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Italian Feast: All Saints’ Day and All Souls’ Day

We just had Halloween in the US – but did you know that Halloween is rooted in ancient traditions that extend beyond just the 31st of October? Around the world, during this time, there are festivals and celebrations commemorating the spirit world and those who have departed.

In Italy, November 1 and 2, people celebrate All Saints’ Day and All Souls’ Day. This celebration is known as La Festa di Ognissanti, and it is a feast to celebrate all of the saints of the Catholic calendar. In fact, it is even a public holiday – schools are closed, businesses are shuttered for the feast. All Souls’ Day, known as Giorno dei Morti (day of the dead), commemorates loved ones who have departed.

All Saints’ Day – November 1

All Saints’ Day has many names, such as All Hallows’ Day, Hallowmas, and Feast of All Saints. The traditional of All Saints’ Day extends beyond Italy and it was historically thought to have originated sometime in the 7th to 9th century. The tradition of this feast has been recorded many different places, from Turkey to Lebanon.

In Italy, All Saints’ Day is celebrated on November 1. Writings traced back to 609AD are some of the earliest to mention All Saints’ Day. Originally, All Saints’ Day took place in the spring, but it was eventually moved to November 1 for reasons still unclear.

On All Saints’ Day, observant Italians will visit their families and exchange gifts. For those who are named after saints, this is a day in celebration of them as well. In terms of meals, culinary traditions differ between regions In Liguria and Piedmont, a specialty for All Saints’ Day is ceci con le costine, a soup made of chickpea, celery, carrot, onion, tomato, and pork rib. Il pane de morti, a sweet made of crumbled biscuits, raisins, sugar, cinnamon, and chocolate, is also popular on this day.

All Souls’ Day – November 2

After All Saints’ Day is All Souls’ Day, the day to commemorate loved ones who have passed away. Families will visit their loved ones’ gravesites, clean them, and leave traditional flowers – the chrysanthemum. Chrysanthemums, an autumnal flower, is often left on grave sites. They are not traditionally given as gifts to the living and are commonly used to decorate grave sites on All Souls’ Day – though this practice is less common now than in the past.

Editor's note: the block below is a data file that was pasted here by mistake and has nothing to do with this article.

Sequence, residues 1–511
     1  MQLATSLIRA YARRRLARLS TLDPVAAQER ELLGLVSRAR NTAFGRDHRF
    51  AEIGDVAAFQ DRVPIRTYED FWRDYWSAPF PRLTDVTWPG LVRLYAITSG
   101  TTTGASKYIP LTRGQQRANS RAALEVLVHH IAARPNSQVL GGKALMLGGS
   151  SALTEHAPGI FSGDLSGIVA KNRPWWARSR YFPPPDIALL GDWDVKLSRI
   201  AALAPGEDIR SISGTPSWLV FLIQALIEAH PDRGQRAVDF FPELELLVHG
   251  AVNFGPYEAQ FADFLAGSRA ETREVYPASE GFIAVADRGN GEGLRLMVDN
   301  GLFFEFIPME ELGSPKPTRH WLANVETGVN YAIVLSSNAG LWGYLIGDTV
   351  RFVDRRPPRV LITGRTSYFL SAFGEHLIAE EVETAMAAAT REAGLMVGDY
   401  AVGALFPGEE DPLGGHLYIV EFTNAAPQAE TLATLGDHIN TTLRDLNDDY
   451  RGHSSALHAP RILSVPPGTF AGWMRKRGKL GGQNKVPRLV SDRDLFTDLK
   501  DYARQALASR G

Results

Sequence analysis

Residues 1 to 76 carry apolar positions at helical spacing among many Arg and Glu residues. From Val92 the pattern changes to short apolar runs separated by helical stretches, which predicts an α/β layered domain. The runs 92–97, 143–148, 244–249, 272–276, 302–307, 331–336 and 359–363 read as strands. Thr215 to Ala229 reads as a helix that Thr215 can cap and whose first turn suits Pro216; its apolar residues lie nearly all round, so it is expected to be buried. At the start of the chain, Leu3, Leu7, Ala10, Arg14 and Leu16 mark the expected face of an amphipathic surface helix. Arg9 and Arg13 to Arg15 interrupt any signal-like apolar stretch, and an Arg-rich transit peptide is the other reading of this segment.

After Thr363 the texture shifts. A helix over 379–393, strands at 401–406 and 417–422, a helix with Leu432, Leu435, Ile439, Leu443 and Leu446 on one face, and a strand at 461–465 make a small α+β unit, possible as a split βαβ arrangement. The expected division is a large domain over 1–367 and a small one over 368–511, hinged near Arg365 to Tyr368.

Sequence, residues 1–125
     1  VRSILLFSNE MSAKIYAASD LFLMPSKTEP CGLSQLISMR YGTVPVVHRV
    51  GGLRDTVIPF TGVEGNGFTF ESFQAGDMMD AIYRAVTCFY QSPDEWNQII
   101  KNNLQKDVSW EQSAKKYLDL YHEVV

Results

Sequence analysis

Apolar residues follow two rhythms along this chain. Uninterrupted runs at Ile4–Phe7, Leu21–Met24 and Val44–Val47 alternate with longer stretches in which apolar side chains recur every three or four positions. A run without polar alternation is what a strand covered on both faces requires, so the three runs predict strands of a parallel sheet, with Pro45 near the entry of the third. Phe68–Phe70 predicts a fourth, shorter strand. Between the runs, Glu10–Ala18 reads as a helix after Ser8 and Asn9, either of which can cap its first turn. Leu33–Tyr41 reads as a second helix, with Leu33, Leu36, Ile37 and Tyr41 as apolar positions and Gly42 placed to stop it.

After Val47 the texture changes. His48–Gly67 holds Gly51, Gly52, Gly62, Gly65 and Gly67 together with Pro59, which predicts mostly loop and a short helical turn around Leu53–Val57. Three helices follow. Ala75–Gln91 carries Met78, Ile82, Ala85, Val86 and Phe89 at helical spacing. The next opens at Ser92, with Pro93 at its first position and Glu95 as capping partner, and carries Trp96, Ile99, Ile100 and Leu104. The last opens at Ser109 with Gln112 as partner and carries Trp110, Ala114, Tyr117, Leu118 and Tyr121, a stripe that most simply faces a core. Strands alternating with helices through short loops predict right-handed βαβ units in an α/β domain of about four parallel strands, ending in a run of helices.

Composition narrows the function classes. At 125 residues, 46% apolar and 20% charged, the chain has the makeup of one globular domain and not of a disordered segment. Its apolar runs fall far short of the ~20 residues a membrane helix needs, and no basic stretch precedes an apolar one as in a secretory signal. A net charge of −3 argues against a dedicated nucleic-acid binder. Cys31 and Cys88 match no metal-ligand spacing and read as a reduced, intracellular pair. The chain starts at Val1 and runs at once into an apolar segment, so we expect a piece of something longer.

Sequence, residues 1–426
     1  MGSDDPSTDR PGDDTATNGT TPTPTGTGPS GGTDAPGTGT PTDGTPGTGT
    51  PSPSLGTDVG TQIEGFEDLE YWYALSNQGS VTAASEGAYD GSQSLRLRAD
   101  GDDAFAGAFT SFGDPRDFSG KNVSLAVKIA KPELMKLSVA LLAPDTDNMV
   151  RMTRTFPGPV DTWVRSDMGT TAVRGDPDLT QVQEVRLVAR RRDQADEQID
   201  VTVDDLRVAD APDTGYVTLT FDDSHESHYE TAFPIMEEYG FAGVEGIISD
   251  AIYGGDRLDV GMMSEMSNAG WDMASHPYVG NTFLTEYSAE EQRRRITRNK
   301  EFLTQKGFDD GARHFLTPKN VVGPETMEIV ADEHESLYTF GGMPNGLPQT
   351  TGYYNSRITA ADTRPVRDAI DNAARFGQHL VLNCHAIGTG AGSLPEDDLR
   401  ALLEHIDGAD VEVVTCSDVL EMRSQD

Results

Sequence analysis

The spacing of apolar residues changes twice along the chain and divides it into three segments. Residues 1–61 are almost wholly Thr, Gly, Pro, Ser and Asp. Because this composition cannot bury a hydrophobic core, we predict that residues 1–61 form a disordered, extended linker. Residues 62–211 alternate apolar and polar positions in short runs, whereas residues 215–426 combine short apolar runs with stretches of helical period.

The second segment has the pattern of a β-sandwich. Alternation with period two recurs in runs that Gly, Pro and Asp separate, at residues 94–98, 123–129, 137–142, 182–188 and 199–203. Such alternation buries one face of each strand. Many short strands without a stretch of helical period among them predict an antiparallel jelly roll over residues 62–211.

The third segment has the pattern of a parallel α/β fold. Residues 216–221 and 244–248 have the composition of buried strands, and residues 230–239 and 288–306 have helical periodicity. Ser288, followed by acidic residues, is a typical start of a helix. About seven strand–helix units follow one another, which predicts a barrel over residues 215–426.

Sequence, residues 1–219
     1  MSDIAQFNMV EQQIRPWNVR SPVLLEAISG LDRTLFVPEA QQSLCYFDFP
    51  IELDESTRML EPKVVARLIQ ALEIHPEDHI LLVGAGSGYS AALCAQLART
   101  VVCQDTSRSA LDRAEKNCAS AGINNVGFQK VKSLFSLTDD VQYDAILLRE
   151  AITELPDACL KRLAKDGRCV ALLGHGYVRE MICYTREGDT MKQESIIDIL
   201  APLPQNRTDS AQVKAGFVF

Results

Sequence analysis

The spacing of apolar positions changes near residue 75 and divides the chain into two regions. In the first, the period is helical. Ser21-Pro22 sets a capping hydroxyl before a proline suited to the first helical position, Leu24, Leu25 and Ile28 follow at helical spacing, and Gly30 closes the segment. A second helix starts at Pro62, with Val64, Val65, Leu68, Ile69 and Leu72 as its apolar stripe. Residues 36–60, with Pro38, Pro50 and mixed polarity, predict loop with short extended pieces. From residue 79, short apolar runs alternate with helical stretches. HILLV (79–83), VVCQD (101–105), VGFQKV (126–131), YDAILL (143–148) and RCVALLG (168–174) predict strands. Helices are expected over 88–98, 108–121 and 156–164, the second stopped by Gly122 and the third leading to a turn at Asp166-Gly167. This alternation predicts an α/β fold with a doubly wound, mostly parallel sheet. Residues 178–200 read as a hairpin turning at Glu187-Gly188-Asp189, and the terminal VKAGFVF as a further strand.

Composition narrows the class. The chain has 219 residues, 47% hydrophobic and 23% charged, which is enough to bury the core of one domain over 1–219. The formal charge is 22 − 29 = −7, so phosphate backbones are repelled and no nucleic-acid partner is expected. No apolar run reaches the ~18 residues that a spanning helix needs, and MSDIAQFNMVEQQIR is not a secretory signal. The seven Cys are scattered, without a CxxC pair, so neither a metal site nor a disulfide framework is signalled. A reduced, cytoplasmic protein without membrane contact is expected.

All Souls’ Day begins at dawn, with a requiem mass for the dead. Prayers and alms are given for the dead, as well as souls that are stuck in purgatory. All Souls’ Day also has a major focus on food.

One tradition (which is found both in Italy and in other parts of the world) occurs at meal time. On All Souls’ Day, people believe the dead return to visit: at meal time, they set a place for them at the dining table and leave bottles of water or wine for them to drinks. In Sicily, children leave their shoes outdoors, while praying to dead, hoping their shoes will be filled with sweets and goodies.

In Sardinia, families have banquets but do not clear the tables, leaving everything for spirits who visit at night. Like “trick-or-treating,” children in this area will walk around knocking on doors, saying,” Morti, morti” to receive cakes and sweets.

Sweets play a large role in the cuisine of All Souls’ Day. In Perugia and Trieste, you’ll find fave dei morti, a cookie to commemorate the dead. In Sicily, clove-scented cookies are made specially for this day. In Veneto, sweet almond fava biscuits, dulce de membrillo made with pulp of the mela cotogna fruit are a specialty on All Souls’ Day. In this region, it is believed that fava beans are a direct line of communication between the dead and the living.

These old Italian traditions are carried on to this day through cuisine! Come visit us at Cucina Toscana for a hearty, autumnal Italian feast on these two old Italian holidays.

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